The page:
Macau | Conquering local market and catching the eye of a Chinese partner, best exit strategy for local startups - Investor

The founding Partner of Macau Envision Accelerator, Raymond Lao, told MNA that the small size of the Macau market is an advantage for local startups since less investment is required to conquer a market share, while possibly catching the eye of a possible Chinese investment partner

Macau (MNA) – According to the founding Partner of Macau Envision Accelerator, Raymond Lao, the small size of the Macau market is an advantage for local startups, which would require less capital to conquer market share, while possibly catching the eye of a Chinese investment partner.

“Macau is so small that you won’t need so much capital to penetrate the market, less than in Hong Kong, Singapore or Beijing where you need tens to hundreds of millions just to make yourself known. Here in Macau a few per cent of that and the whole city will know what you are doing and if you are doing it well,” the venture capital expert told Macau News Agency (MNA) at the Macau International Startup Week 2018.

After  acquiring market share, a local startup could then maybe proceed with a merger & acquisition exit or enter into an equal partnership with a “Chinese giant” in order to learn from that company or use its resources.

“Let’s say you’re doing as a startup here [something] like food delivery app Aomi, basically a localised version of Chinese company DianPing […]. If Aomi was in China it wouldn’t really exist; the competition is so furious and the industry is so settled already. But Aomi is from Macau and this will provide it with a safety charm, which the giants in China can’t compete with,” Lao opined.

Mr. Lao suggested Macau Government subsidies to assist local startups in establishing equal partnerships with a large Chinese company giant and through this foster great accelerating growth in local startups, which could learn how these companies market their product and lower operating costs.

“Macau is on the way to diversifying its industries and it’s a great time for startups to come up because in the Greater Bay Area concept Macau lacks a series of connections with other cities in terms of industrial fundamentals […]. If you do well enough in Macau there’s a future potential of either investment or government help to go to China because Macau needs these kind of [flagship] companies,” he added.

The Macau Envision Accelerator was founded last year by Mr. Lao, and currently houses some 10 startups, both Chinese startups via part of Envision Capital – a partner of the space – and Macau startups.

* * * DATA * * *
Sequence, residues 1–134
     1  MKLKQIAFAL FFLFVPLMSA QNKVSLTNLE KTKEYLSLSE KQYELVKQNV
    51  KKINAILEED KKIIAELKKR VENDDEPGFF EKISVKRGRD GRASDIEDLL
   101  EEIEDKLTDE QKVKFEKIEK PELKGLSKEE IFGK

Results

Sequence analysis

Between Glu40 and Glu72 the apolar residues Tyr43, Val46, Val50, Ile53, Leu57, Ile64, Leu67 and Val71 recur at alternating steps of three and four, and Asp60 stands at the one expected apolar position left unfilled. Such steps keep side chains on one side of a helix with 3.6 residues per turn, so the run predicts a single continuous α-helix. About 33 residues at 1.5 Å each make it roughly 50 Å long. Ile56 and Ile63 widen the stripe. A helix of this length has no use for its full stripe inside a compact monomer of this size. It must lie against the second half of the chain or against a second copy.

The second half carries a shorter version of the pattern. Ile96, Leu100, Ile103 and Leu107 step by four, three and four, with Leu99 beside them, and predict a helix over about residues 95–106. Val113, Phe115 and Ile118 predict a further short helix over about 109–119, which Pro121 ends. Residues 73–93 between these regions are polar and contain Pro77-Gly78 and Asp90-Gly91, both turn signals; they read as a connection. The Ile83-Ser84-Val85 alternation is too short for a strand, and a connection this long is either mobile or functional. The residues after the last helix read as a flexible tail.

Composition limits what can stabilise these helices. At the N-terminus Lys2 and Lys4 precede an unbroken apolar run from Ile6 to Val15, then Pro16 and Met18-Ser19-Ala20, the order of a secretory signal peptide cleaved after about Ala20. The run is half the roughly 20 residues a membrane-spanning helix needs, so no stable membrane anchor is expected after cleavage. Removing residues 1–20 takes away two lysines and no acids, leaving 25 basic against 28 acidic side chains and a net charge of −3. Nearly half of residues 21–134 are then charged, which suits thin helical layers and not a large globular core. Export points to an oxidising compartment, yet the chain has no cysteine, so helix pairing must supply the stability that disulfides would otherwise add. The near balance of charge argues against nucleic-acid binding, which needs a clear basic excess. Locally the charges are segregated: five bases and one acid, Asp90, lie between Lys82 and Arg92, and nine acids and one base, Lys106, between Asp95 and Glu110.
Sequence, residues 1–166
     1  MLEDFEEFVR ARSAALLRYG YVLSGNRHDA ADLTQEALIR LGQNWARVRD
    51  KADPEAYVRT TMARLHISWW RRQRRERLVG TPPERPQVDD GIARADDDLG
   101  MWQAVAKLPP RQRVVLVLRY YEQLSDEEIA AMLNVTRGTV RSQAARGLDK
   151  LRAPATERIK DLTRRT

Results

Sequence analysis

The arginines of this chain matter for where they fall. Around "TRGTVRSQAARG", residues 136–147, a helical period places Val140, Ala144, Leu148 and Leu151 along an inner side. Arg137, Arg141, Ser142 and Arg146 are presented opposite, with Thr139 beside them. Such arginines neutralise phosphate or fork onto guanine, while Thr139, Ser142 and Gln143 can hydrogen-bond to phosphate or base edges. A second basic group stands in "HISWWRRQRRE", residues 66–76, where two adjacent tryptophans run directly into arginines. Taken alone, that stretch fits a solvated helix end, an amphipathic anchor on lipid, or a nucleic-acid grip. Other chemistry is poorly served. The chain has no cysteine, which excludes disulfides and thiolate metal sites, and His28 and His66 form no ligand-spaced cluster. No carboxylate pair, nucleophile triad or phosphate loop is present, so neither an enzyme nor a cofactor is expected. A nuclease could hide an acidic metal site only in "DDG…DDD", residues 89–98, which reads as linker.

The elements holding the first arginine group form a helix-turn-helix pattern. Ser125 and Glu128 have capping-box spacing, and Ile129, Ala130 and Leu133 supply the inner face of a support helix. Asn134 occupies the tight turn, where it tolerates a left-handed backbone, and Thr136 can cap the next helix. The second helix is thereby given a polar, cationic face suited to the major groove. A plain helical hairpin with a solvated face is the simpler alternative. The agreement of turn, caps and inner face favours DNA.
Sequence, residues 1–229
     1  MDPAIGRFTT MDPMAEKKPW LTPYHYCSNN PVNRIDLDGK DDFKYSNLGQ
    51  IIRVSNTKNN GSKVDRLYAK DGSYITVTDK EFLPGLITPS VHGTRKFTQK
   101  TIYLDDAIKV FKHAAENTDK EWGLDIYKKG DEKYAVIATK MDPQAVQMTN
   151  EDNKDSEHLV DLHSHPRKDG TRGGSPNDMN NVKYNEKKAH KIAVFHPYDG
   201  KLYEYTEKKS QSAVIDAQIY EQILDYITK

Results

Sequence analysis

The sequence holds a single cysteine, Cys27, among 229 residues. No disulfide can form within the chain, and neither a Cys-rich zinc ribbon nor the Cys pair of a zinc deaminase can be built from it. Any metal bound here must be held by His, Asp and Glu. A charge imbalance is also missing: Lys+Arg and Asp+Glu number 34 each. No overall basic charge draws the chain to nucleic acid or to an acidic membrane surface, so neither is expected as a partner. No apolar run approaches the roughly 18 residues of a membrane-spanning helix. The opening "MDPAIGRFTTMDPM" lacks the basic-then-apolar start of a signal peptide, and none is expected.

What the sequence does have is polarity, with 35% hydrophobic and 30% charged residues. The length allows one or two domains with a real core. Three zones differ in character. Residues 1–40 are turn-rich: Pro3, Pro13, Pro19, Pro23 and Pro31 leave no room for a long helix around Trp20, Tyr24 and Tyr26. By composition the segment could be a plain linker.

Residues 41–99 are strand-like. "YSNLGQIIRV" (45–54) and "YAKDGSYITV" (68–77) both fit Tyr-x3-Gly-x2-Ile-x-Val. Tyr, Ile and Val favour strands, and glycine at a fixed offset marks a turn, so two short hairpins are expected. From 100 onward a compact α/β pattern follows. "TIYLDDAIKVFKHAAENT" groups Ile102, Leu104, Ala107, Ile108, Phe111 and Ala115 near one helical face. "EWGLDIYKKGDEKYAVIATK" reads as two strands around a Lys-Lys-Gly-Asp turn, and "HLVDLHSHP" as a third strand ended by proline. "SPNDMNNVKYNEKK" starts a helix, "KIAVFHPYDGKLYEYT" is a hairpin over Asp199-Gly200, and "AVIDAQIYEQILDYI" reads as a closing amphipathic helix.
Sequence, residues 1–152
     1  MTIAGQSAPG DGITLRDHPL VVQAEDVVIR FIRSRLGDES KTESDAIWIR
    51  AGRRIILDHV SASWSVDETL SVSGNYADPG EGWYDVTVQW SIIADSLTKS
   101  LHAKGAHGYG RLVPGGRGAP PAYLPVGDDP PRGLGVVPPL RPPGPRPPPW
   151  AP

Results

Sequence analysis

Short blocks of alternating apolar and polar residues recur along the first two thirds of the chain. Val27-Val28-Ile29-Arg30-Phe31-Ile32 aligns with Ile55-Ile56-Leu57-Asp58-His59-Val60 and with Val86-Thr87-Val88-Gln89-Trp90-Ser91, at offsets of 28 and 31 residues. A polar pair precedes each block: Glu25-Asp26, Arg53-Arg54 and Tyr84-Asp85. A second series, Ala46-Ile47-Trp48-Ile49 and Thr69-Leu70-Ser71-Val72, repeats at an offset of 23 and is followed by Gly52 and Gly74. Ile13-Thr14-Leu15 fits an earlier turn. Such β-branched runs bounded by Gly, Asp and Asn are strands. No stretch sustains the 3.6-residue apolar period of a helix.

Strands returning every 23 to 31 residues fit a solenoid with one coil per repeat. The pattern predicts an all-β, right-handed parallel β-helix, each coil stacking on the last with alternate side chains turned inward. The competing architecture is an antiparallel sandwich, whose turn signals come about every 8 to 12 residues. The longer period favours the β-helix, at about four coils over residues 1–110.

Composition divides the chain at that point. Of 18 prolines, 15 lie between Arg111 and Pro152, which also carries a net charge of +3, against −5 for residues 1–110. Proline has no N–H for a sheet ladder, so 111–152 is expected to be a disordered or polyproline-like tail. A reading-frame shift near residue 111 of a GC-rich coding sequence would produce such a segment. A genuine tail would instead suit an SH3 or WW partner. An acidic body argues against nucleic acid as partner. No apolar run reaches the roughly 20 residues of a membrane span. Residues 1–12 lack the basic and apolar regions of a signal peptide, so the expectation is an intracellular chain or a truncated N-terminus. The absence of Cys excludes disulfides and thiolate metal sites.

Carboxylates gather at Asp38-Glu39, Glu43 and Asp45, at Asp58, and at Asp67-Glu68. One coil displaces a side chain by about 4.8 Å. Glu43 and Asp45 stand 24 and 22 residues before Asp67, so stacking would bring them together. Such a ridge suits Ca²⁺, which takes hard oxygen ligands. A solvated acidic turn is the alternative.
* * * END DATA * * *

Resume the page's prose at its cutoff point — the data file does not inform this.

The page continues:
“We connect very closely with Beijing Envision Capital, so we have capital backing us and we have some deals form China where we have already invested, while checking business opportunities in Macau […] Ou local startups come from diverse industries such as media, advertising, apps, events, conventions and exibithions,” Lao stated.

Macau Envision Accelerator has also recently partnered Zhubaijie.com, China’s largest platform for online creative services, which will allow the space startups to have access to the platform’s more than three million users, most small service providers, and get assistance in areas such as design, promotion and sales, from business cards to company logos.

Having initially studied finance in Macau and the United States, Lao has extensive experience in private venture capital investment in China, especially in post investment management.

“I’ve seen entrepreneurs and startups almost every day, sometimes we see 200 or 300 startups per year, and put our money only into two or three,” he told MNA.

According to Mr. Lao, local startups are still wary of receiving investment in exchange for shares in their company, with the venture capital expert believing that while in China investors have many roads from where they can get returns on their early stage investments, these are absent in Macau.

“In China there’re many different ways to do it; there can be a merger or acquisition from a larger company – there’s also the chance of an IPO if you do well, and at the very least there’s a certain liquidity whereby you can sell your share to private owners if they’re interested in the company. Here in Macau when you put some money into a company and you want to exit it’s rather hard,” he said.

“There doesn’t seem to be a past record of  such past transactions; it really hinders the confidence of investors since they don’t know how long the money will be in this company because they also need cash flow.”

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